Holiday services and men

  • Christmas lightsKyle and Bonnie have been married almost twenty years. Kyle hates going to church. Bonnie loves it. This has caused tension in their marriage, as she subtly prays, preaches and prods Kyle toward religion, and he steadfastly resists. But Kyle “does Bonnie a favor” and attends church three times a year: Christmas Eve, Easter Sunday and Mother’s Day. He’s one of millions of men who attend only on these holidays.

    Bonnie looks forward to these occasions, and each time prays earnestly that God will touch his heart. But nothing ever happens. Kyle feels as out of place as a ham sandwich at a Bar Mitzvah.

    Why are holiday services, which draw huge numbers of irreligious men, so ineffective at engaging them? I believe that holiday services are, by their very nature, poorly suited for men. They tend to hide the church’s greater mission under a mountain of religious tradition and ceremony. Holiday services also give men a skewed perspective on what the gospel is all about.

    How so? Let’s look at what happens at these services.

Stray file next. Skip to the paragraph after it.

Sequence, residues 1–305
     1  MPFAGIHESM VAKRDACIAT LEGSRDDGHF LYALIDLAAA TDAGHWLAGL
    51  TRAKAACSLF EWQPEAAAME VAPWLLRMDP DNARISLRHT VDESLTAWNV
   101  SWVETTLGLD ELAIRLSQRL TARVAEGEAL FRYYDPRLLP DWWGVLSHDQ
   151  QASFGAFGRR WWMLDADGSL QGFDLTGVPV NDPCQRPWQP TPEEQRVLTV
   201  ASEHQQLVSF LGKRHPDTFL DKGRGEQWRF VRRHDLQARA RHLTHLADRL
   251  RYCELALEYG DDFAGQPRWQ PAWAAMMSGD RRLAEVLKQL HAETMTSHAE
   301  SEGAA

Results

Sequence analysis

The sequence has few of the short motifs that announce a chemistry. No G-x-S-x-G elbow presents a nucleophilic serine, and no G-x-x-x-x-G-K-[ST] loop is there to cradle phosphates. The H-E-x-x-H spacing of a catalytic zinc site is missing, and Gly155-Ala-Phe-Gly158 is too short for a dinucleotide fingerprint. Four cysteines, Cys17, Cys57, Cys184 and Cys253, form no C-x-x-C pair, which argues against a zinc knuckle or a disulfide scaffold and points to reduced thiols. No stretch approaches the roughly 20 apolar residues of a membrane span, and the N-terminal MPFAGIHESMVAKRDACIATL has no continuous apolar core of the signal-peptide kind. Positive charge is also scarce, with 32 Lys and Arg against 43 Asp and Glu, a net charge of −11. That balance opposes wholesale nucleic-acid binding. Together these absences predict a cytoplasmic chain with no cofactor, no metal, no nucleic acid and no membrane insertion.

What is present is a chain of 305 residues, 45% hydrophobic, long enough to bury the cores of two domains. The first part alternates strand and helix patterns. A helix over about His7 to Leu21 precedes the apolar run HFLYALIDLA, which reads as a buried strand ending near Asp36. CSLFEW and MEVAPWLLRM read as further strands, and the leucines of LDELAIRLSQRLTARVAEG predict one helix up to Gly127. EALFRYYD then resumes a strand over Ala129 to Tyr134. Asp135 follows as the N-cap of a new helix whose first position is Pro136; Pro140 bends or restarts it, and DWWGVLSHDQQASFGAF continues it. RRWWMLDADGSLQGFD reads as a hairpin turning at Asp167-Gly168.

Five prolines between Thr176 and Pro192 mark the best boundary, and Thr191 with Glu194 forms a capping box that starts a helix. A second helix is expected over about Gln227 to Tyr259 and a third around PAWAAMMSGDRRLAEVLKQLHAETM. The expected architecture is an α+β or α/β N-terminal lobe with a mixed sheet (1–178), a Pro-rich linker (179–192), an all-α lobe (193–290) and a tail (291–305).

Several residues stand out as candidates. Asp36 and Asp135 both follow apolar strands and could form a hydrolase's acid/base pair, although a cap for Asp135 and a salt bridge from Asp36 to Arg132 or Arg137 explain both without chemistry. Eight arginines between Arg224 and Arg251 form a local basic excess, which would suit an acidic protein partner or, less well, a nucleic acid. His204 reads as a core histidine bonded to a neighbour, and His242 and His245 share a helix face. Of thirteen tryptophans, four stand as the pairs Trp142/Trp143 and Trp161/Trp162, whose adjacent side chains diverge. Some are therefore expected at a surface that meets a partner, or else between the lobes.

On Christmas Eve, Kyle sings carols and hymns from his childhood. He’s likely to see an adorable children’s choir dressed like little angels. He hears a message about the baby Jesus: sweet, lovable, lying in a manger. Kyle’s conclusion: church is for kids.

    On Easter, he encounters a different Christ: nailed to a cross, a helpless victim. Or he meets a resurrected Christ who pops up out of nowhere, more like a friendly ghost than a real man. Kyle’s conclusion: church is for weaklings or weirdoes.

    On Mother’s Day, Kyle notices the extra flowers, the sentimental stories, and hears a sermon extolling the feminine virtues of motherhood. Tear- jerking tributes to Mom bring out the Kleenex. Kyle’s conclusion: church is for women.

    By attending at Christmas and Easter, Kyle gets the beginning and end of the story, but misses the entirety of Jesus’ dynamic ministry. By attending on Mother’s Day, Kyle gets a blast of femininity that confirms his suspicion: the ideal churchgoer is a woman.

    Bottom line: the Christmas/Easter/Mother’s Day lineup all but guarantees that men will find nothing compelling during their visit to church. Holiday worship services reinforce the male belief that church is not for guys.

    How can a church do a better job reaching men at the holidays? See these services as a unique opportunity to impact large numbers of unchurched men. They are the “Super Bowl” of the liturgical calendar – so approach them as such: